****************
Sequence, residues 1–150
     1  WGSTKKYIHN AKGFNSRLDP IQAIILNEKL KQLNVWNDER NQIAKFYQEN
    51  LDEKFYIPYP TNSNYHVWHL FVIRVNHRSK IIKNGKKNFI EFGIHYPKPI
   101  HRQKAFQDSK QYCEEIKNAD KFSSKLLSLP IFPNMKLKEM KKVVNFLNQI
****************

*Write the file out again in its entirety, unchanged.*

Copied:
Sequence, residues 1–150
     1  WGSTKKYIHN AKGFNSRLDP IQAIILNEKL KQLNVWNDER NQIAKFYQEN
    51  LDEKFYIPYP TNSNYHVWHL FVIRVNHRSK IIKNGKKNFI EFGIHYPKPI
   101  HRQKAFQDSK QYCEEIKNAD KFSSKLLSLP IFPNMKLKEM KKVVNFLNQI